Thursday, October 6, 2011

Back to Nature

A beautiful autumnal day in the midst of trees and lakes, just to the north-west of the city. First the Summer Palace (too many people in the north part so we jumped on a boat and ended up on the quieter east bank), then lunch near Fragrant Hills Park where Liz did well ordering in Chinese, and the rest of the afternoon in Beijing Botanical Gardens. Nice place, not too crowded, slightly dull conservatory, but with a beautiful temple, Wofo, founded in the 7th Century (although most of the buildngs are inevitably much later) and with an exquisite 14th Century reclining (actually dying) Buddha. One of the nicest temples I've seen in China. Also wandered in and out of the former residence of Cao Xueqin, who wrote Dream of the Red Chamber there, and which would become one of China's four great classic works. Will I ever get around to reading it?

Wednesday, October 5, 2011


A sleepless night for mum but she seems no worse for wear. Off to Beijing Planning Museum late morning which, apart from the ubiquitous massive city model, was underwhelming. Lots of empty spaces and hardly any visitors which was odd for a public holiday. Even the '4D' film was disappointing: the seats moved about a bit but it was short and the remaining 3 dimensions weren't. However, fabulous lunch at Capital M, a stroll around Qiamen and then off to see a late matinee performance by the Chaoyang Theatre Acrobats. It's mainly for tourists, a bit cheesey, the costumes & music are naff and the theatre looks a bit worse for wear... but all that aside it's undeniably impressive. Amazing ball-juggling with feet, ballet pointe on a partner's head, jumping through hoops, how many girls can you fit on a bicycle, motorbikes roaring round inside a globe-shaped cage etc. Incredible really.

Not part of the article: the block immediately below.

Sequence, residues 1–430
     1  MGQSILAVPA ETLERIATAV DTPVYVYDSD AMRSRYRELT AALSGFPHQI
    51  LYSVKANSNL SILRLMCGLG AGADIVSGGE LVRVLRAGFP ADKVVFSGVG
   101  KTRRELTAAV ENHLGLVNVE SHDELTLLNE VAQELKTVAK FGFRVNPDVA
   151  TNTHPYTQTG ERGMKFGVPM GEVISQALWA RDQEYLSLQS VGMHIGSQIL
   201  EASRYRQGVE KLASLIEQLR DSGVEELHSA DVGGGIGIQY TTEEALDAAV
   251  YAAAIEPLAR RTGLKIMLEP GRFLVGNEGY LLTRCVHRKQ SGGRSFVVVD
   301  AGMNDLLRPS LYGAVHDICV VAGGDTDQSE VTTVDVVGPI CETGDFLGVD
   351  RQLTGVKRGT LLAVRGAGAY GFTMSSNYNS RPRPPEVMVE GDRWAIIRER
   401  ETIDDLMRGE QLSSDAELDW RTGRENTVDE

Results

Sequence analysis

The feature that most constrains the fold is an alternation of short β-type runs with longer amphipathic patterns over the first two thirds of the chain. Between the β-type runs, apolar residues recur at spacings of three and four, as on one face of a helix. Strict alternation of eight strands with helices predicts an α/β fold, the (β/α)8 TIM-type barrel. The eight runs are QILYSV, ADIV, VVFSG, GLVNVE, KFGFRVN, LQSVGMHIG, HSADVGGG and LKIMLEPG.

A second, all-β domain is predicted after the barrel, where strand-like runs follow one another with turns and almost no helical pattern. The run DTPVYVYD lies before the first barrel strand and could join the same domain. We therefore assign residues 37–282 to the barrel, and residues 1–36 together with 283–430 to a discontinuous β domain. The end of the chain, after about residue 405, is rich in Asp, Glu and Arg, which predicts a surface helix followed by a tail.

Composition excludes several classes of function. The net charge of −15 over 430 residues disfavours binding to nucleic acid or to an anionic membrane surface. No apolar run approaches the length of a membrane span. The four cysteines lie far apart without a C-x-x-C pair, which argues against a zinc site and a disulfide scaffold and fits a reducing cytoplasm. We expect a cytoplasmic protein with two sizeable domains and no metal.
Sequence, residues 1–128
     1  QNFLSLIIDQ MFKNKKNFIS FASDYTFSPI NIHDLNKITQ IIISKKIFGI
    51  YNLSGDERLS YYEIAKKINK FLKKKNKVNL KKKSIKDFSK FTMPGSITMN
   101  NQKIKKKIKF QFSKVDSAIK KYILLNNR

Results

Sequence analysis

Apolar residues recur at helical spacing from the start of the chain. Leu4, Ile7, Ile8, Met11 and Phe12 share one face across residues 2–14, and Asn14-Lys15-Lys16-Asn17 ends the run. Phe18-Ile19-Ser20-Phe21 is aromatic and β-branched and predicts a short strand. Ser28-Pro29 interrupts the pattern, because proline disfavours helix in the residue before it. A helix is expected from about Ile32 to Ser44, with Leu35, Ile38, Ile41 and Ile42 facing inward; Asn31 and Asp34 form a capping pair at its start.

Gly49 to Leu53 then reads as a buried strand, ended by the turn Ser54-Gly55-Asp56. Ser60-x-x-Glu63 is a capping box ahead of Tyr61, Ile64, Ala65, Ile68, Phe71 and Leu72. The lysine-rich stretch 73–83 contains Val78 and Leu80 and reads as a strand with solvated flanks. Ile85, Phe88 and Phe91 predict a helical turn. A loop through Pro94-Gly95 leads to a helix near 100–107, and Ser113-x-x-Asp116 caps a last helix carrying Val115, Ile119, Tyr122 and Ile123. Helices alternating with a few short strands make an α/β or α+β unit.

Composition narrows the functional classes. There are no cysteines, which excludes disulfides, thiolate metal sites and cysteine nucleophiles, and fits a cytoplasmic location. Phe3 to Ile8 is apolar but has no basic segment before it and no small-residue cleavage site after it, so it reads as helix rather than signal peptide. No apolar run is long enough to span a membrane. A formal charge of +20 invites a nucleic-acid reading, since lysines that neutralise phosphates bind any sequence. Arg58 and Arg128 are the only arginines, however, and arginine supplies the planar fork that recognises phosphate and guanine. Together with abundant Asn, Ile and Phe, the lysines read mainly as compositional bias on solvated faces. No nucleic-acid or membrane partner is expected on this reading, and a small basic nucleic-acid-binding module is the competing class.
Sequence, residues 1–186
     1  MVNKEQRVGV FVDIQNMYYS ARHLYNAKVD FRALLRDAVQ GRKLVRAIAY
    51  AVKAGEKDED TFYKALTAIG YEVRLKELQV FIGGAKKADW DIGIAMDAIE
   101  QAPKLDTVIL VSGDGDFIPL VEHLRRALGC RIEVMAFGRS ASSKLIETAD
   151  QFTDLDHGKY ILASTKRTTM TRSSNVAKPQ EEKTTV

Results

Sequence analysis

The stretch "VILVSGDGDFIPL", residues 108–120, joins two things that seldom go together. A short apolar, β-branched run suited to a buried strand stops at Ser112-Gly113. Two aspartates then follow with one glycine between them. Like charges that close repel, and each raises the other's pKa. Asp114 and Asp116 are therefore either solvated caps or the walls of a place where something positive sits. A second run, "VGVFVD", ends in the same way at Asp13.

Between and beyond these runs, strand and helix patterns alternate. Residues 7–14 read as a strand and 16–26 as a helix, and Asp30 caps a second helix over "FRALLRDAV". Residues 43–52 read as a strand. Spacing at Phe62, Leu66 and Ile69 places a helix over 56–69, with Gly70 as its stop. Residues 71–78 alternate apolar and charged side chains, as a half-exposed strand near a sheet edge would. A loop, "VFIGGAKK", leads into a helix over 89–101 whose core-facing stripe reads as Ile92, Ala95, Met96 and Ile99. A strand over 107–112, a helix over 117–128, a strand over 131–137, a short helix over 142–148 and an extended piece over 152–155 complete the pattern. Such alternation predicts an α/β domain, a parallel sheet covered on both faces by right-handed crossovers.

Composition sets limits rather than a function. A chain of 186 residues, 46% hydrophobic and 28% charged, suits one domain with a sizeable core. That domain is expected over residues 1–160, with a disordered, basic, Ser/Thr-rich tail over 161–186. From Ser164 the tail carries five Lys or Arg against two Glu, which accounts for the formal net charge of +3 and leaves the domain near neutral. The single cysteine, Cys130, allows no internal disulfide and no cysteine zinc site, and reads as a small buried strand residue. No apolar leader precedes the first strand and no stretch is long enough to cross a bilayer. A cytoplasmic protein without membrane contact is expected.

Tuesday, October 4, 2011


Stayed local today, exploring Chaoyang Park - once we'd found the way in. Picnic by the lake with the sound (though thankfully not the smell) of a truck emptying a sewer behind us. Wheelchair a godsend. Not sure what we'd have done otherwise. It's a big park.

Monday, October 3, 2011

Wall without Wheelchair

A day out at the Great Wall - Mutianyu section - driven by the unflappable Harry, who also helped me push mum-in-wheelchair from car to ticket office but stopped short of taking it all the way up. Gorgeous weather, so half of Beijing came out with us too, but never mind, it was bearable. We took the cable car up and walked a small section. Half wondered whether mum would be interested in tobogganing down but thought better of it. Anyway, I think she was impressed, but a relief to escape the crowds and steps as we adjourned for lunch at the Schoolhouse down in the village. Funny place: all very American with lots of talk about 'sustainability'... including glass-blowing complete with shop full of garish, multi-coloured vases and whatnots. There's no history of glass-blowing in the village so they bring them in from another province. 

Sunday, October 2, 2011

Pottering around with Harry

By a stroke of good fortune, my boss has a wheelchair. She's not disabled, just happens to have one at home. So we're borrowing it for the week. Luckily, mum's not too proud. Her ankle gets swollen and it's going to come in handy. We've also hired a car & driver called Harry. So off we go to Houhai, Gulou and Jingshan Park for the afternoon. It's crowded but bearable - the best bit being the park, watching the oldies sing, play music and dance. We're used to people looking at us, or rather the girls, but my mum - white haired and sitting in a wheelchair with some cool sunglasses borrowed from Liz - puts us centre-stage. At one gathering, a lady came up to mum and pressed a Communist badge into her palm. Perhaps they think she's a one-time Hollywood star?

Saturday, October 1, 2011

Granny Jean in Beijing

Met mum at the airport this morning. Mary & Nick had put her on the plane at Heathrow yesterday with BAA special assistance and a 14-point plan of what to do & when, and out she emerged 10 hours later having not slept a wink, but looking fine nonetheless. Got to hand it to her: 84 and continuously up for new experiences. And so begins a 10-day visit. Ed Vaizey's has nothing on this.